Treating Sleep Apnea in Truck Drivers Cuts Health Costs, Disability Rates
Dr. Benjamin Hoffman, chief medical officer at Waste Management Inc. and lead author of the study, used insurance claims records to evaluate the effects of obstructive sleep apnea treatment in commercial motor vehicle drivers. Costs were compared for 156 drivers who received continuous positive airway pressure or other treatments for the disorder and 92 drivers who were diagnosed with sleep apnea but were not treated.
The study, published in the Journal of Occupational and Environmental Medicine, found that for treated drivers, health plan costs decreased an average of $2,700 in the first year and another $3,100 in the second year compared to no change for untreated drivers. The treated drivers also missed fewer workdays (average 4.4 days in the first year) and had lower short-term disability costs ($528 over two years).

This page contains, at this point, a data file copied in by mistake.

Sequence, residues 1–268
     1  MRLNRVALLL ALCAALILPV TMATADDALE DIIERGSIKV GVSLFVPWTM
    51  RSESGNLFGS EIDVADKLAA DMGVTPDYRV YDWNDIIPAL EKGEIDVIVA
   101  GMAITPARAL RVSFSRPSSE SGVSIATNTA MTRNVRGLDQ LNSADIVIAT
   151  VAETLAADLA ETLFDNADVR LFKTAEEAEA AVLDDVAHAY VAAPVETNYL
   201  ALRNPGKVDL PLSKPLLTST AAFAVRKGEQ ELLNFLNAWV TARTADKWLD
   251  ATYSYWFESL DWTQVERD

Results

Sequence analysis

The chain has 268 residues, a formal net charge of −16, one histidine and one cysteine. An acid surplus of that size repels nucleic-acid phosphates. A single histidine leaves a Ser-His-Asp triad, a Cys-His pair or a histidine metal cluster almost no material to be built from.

On average, researchers found that treatment for sleep apnea led to more than $6,000 in total health plan and disability cost savings per treated driver. Total costs decreased by 41 percent in drivers treated for sleep apnea compared to an 8 percent decrease in untreated drivers.
Hoffman said sleep apnea is a preventable cause of motor vehicle accidents, and studies have found that treatment for the disorder can lower the accident rate. In addition, screening and treatment for sleep apnea has recently been recommended for commercial motor vehicle drivers by several health and safety organizations.
"Addressing obstructive sleep apnea in the workplace offers the possibility of early identification and intervention for a chronic disease that is associated with increased health benefit utilization," researchers concluded.
Read more at the WORKERSCOMP ForumTM homepage.
June 3, 2010
Copyright 2010© LRP Publications